For the second time since ousting Tony Abbott to become Prime Minister, Malcolm Turnbull has unveiled a new cabinet line-up. With this new-look front bench due largely to the resignation of Mal Brough, Warren Truss and Andrew Robb, Mr Turnbull has taken the opportunity to promote more women to the Cabinet and the executive.
National MP Darren Chester has been offered the Infrastructure and Transport portfolio previously held by Nationals Leader Warren Truss. Barnaby Joyce, who will also become Deputy Prime Minister, and will keep his portfolio of Water and Agriculture, will replace Mr Truss as Nationals Leader. Assistant Health Minister Fiona Nash, who has been elected as Deputy Leader of the Nationals, will move to the Cabinet as Regional Development Minister and Minister for Regional Communications. She will also retain her position as Minister for Rural Health
Boosting the Number of women in the Cabinet to six, Senator Concetta Fierravanti-Wells will become Minister for International Development, with Craig Laundy taking on her old role as Assistant Minister for Multicultural Affairs. Meanwhile, a recommendation from the outgoing Trade and Investment Minister Andrew Robb, who will continue as Special Envoy for Trade, will see Steve Ciobo take on the role.
Finance Minister Matthias Cormann will add Special Minister of State to his role following the resignation of Mal Brough. Although denying any wrongdoing in he Peter Slipper Affair, Mr Brough asked the Prime Minster to fill his role, which he had temporarily stepped down from several weeks ago.
Following his resignation, after being found to have abused his ministerial position on a personal business trip to China, Stuart Robert’s portfolio will be split. Alan Trudge will take the role of Minister for Human Services and Dan Tehan will become Minister for Defence Material and Minister for Veterans Affairs.
On announcing the new Cabinet and executive, which will be sworn in on Thursday, Malcolm Turnbull said it will be “a dynamic team which combines youth, new talent, experience, continuity, and a real sense of innovation and enterprise”.
“It’s a team that’s focused on Australia’s future, focused on the policies that will encourage innovation and enterprise,” he said.
After failing to feature in the National Party’s ministerial line-up, Luke Hartsuyker will be replaced by Senator Scott Ryan, as Minister for Vocational Education and Skills. And the appointment of Queenslander Matt Canavan as Minister for Northern Australia completes the major changes.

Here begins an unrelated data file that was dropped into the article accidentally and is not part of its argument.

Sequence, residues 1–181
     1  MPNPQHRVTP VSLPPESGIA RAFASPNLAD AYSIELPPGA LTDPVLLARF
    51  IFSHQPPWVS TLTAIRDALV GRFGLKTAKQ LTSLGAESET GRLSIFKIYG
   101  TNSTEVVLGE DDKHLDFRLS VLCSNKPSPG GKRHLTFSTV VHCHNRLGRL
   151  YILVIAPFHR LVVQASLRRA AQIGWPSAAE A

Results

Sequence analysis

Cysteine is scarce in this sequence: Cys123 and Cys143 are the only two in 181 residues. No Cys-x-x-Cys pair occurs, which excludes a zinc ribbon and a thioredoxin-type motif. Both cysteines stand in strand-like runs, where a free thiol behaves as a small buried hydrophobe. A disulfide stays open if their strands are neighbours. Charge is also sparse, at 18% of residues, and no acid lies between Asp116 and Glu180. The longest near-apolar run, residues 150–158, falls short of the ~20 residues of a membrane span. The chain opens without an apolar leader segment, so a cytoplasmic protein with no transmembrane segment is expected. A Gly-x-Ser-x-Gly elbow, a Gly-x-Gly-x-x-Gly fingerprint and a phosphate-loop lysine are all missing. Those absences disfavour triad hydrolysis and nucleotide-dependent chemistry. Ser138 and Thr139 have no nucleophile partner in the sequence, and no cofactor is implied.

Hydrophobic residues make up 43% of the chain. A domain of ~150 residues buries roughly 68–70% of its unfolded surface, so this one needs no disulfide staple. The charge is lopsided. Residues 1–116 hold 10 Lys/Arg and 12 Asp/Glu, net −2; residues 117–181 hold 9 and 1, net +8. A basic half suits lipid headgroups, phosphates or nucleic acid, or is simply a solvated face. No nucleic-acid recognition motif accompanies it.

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With a federal election rumoured to be in the pipeline for August or September, Malcolm Turnbull will be hoping his ‘young, dynamic and talented’ ministry gives him a popularity boost, after the latest Fairfax-Ipsos Poll shows a downturn in our passion for the Prime Minister.
The initial euphoria, felt by voters after the removal of Tony Abbott as Prime Minster, has given way to scepticism and fear of GST hikes if the latest poll is to be believed. The latest ministerial scandals have seen Mr Turnbull’s Coalition Government slip to a level of popularity lower than that of Mr Abbott’s before the 2013 Federal Election.
Although the Government is still ahead in the two-party preferred vote, a drop of four points sees it now sit at 52-48 and is likely to end all talk of an early election, with just 22 per cent of those polled backing such a move by the Prime Minister.
However, while the Coalition has slipped four percentage points in both its first preference and two-party preferred support, Labor has seen a jump in popularity by three and four points respectively.
Malcolm Turnbull’s personal approval rating, the number of people pleased by his performance minus those displeased, has also dipped 15 points since November, currently sitting at 38. Mr Turnbull can take heart that he is still a more popular choice as Prime Minster than Bill Shorten, but even this support has slipped by five percentage points to 64, with Mr Shorten languishing on 19.
The Greens could be the big winners in Mr Shorten’s apparent unpopularity, with support for the party rising to 15 per cent.
The poll of 1403 respondents was taken over 11–13 February, before the Cabinet reshuffle and after the resignation of Human Services Minister Stuart Robert.
Will the Cabinet reshuffle and the clear out of rogue ministers help Mr Turnbull draw a line under the turbulent last six weeks and move forward to the federal election? Or is there still a fear of what may be unveiled at the budget in May? Does Bill Shorten’s apparent unpopularity make it impossible for Labor to mount a credible challenge the Coalition Government at any upcoming election? And if so, do you see a move to replace Mr Shorten as leader?